Which of our beloved Independence Day characters will return for another go in the upcoming sequel has been a point of debate. Director Roland Emmerich has been keeping mum on the whole situation, and it doesn’t look like our beacon of hope against the alien invasion, Will Smith, will star. However, Emmerich recently tweeted a photo of a certain character that could apparently be back for Independence Day 2.
Yup, that’s Randy Quaid as Russell Casse, the farmer out for blood who rams his plane right into the aliens’ mothership, blowing the thing sky high and seemingly killing himself in the process. Could this tweet mean that the now 64-year-old Quaid will reprise his role for Independence Day 2? Stranger things have happened. Perhaps the extraterrestrials did some otherworldly juju and brought him back to the land of the living. For good measure, let’s watch the moment the world presumed him dead:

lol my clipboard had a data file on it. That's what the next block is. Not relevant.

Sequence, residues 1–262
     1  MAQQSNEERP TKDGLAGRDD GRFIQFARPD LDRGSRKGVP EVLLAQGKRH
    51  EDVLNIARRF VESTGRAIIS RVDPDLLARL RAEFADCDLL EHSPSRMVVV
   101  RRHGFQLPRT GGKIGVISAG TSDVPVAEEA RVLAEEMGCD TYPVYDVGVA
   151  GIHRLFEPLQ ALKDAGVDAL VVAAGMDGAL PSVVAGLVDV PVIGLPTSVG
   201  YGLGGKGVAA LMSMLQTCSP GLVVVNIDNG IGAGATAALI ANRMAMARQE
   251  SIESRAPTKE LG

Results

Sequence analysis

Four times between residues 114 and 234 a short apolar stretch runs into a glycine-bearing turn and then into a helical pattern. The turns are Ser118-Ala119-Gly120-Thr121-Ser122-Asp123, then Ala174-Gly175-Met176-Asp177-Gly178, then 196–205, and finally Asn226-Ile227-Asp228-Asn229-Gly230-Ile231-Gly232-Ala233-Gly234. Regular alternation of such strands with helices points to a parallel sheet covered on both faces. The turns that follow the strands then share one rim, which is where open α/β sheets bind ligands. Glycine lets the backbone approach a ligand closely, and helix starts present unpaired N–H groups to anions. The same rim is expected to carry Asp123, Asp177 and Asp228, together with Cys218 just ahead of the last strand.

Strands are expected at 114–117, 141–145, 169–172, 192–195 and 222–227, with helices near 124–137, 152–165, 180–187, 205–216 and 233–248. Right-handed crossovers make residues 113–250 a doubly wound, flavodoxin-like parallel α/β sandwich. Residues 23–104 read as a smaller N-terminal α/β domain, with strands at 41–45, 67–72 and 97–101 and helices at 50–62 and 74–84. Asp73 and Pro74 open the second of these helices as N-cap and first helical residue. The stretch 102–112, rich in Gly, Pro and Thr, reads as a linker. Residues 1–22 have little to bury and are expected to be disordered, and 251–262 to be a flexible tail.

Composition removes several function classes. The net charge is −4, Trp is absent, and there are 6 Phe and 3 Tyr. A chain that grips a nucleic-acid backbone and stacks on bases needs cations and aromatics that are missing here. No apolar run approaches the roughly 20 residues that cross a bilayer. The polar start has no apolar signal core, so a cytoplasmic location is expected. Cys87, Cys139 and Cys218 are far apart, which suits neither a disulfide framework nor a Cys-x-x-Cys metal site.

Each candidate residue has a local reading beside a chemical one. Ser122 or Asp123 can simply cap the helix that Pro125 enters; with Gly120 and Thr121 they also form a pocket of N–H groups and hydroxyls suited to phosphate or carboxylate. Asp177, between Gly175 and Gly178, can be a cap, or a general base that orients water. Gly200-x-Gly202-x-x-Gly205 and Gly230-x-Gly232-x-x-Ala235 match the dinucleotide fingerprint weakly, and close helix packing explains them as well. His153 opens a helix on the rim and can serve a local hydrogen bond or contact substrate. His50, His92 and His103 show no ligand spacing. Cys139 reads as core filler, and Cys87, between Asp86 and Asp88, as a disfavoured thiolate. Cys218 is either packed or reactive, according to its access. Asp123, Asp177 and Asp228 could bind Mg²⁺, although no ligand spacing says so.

Now -- and this is a major reason for doubt -- it’s worth noting that Quaid and his wife, Evgenia, have been stuck in Canada for some time after the U.S. State Department revoked their passports. According to TMZ, the couple dined and dashed on a more than $10k hotel bill, and fled to our neighbors of the North when warrants were issued. Because of that, though, there was enough legal grounds to revoke their passports. According to Evgenia, in a FoxNews story:
Considering all that, Emmerich’s photo could just be a fun throwback tweet to arguably his most famous movie of all time. Still, don’t say we didn’t warn you if everything comes up roses for Quaid.
Independence Day 2, originally set for summer of 2015, will be released on June 24, 2016, and there’s still no telling who will star in the film or what it will be about. Recently, Jeff Goldblum, who played David Levinson, has been in contact with Emmerich and screenwriter Dean Devlin about potentially returning. As for our reigning president, Bill Pullman, Emmerich said back in the day that he would also make an appearance. Though, since then, the script has undergone a number of changes: after Emmerich took a go at it, he passed it along to Devlin, who then turned it over to James Vanderbilt. We’d be shocked if it stuck to the original outline.
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